Lebanon’s Kataeb Party resigned Saturday in protest at the Beirut blast widely blamed on government negligence and corruption, bringing to five the number of MPs to quit since the disaster.
In an emotional speech during a funeral service for one of his top party officials who died in Tuesday's blast, MP Sami Gemayel announced his resignation and that of the two other MPs, Nadim Gemayel and Elias Hankash, from his bloc.
"Your comrades took the decision to resign from parliament," Gemayel said, addressing Kataeb secretary-general Nazar Najarian, one of the 154 confirmed victims of the explosion at Beirut port.
“The Kataeb MPs have decided... to move to confrontation for the sake of a free, sovereign, independent Lebanon,” he said. “I invite all honorable (lawmakers) to resign so that the people can decide who will govern them, without anybody imposing anything to them.”
Gemayel criticized the reactions of several top politicians who argued the international aid effort following the disaster would be an opportunity to break the diplomatic isolation of Lebanon.
"A new Lebanon must be born on the ruins of the old one, which you represent," he said, addressing the authorities at large and their clan leaders.
The party's three resignations from the 128-seat parliament come after those of Marwan Hamadeh from the party of Druze leader Walid Jumblatt and independent MP Paula Yacoubian.
Yacoubian told the CNN news channel that she was urging the entire parliament to stand down.
"As the MP of Beirut, I took the decision of resigning because I feel I'm a false witness in this parliament," she said.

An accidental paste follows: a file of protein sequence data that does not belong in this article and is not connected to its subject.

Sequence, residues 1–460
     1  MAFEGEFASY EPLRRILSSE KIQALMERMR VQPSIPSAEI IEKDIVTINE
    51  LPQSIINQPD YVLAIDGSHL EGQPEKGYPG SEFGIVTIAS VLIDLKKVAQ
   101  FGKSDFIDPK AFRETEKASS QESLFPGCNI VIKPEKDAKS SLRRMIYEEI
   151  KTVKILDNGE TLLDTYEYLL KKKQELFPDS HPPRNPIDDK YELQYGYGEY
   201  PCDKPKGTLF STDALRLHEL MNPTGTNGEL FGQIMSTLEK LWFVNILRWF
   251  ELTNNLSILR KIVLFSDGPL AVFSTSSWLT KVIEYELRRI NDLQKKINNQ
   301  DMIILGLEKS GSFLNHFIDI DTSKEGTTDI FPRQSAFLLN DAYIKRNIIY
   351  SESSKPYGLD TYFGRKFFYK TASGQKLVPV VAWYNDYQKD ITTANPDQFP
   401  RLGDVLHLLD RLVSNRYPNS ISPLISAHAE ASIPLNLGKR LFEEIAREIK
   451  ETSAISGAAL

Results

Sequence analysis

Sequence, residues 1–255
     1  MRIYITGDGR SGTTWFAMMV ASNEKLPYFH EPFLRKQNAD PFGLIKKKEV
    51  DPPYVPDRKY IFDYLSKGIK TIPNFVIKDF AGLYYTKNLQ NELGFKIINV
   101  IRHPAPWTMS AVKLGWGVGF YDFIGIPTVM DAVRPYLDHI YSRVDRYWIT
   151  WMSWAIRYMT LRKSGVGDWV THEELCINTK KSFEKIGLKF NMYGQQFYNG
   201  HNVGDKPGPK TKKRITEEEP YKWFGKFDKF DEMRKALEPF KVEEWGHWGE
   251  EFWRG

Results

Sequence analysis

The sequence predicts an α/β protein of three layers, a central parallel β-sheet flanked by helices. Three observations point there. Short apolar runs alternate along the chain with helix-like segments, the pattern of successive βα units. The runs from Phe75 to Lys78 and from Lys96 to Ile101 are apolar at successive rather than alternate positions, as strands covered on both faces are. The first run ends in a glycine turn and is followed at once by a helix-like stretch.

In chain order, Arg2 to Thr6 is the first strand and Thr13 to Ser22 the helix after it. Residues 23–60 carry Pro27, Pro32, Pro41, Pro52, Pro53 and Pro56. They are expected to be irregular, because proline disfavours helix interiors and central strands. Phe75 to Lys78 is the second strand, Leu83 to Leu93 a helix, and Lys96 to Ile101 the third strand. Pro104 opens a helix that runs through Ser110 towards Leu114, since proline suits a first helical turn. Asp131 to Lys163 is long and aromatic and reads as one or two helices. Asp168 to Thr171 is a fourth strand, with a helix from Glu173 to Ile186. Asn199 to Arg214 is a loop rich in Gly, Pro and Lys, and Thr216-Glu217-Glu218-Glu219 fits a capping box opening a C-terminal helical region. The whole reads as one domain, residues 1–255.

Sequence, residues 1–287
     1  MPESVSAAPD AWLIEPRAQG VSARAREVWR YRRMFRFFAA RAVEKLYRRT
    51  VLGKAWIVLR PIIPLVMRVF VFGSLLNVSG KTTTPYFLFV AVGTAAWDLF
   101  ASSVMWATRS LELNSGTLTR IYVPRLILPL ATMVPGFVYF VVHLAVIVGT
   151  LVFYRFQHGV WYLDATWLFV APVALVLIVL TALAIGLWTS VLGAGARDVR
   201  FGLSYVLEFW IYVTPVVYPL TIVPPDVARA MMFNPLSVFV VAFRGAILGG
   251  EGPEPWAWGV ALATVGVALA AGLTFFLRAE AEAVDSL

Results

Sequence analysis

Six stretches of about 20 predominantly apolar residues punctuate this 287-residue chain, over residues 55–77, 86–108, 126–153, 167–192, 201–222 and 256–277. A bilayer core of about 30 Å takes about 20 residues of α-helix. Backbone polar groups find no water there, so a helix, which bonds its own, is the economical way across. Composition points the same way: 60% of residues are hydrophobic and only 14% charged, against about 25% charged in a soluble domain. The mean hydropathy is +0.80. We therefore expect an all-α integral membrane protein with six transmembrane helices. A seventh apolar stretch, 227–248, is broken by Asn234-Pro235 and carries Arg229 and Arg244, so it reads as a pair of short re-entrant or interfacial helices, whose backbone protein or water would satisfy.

"There's nothing we can do, the decision-making is outside the parliament," she said. "Everyone should resign."
Hezbollah, the only group which has kept its weapons since Lebanon’s 1975-90 civil war, and its allies hold a majority in the current 128-seat parliament, elected in 2018.
Lebanon's ambassador to Jordan also resigned in the aftermath of the blast, caused when fire spread to a depot where a huge amount of ammonium nitrate had been stored for years, unsecured.
Days before the blast, Nassif Hitti quit as foreign minister over a lack of political will to enact reforms to halt a financial meltdown which he warned could turn Lebanon into a failed state.
“I took part in this government to work for one boss called Lebanon, then I found in my country multiple bosses and contradictory interests,” Hitti wrote in his resignation statement. “If they do not come together in the interest of rescuing the Lebanese people, God forbid, the ship will sink with everyone on it.”
Early evidence shows top officials knew of its presence at the port and that safety procedures were knowingly and repeatedly violated.
The government has promised a swift and thorough enquiry but public trust is low that an investigative committee chaired by top officials will uncover the real culprits.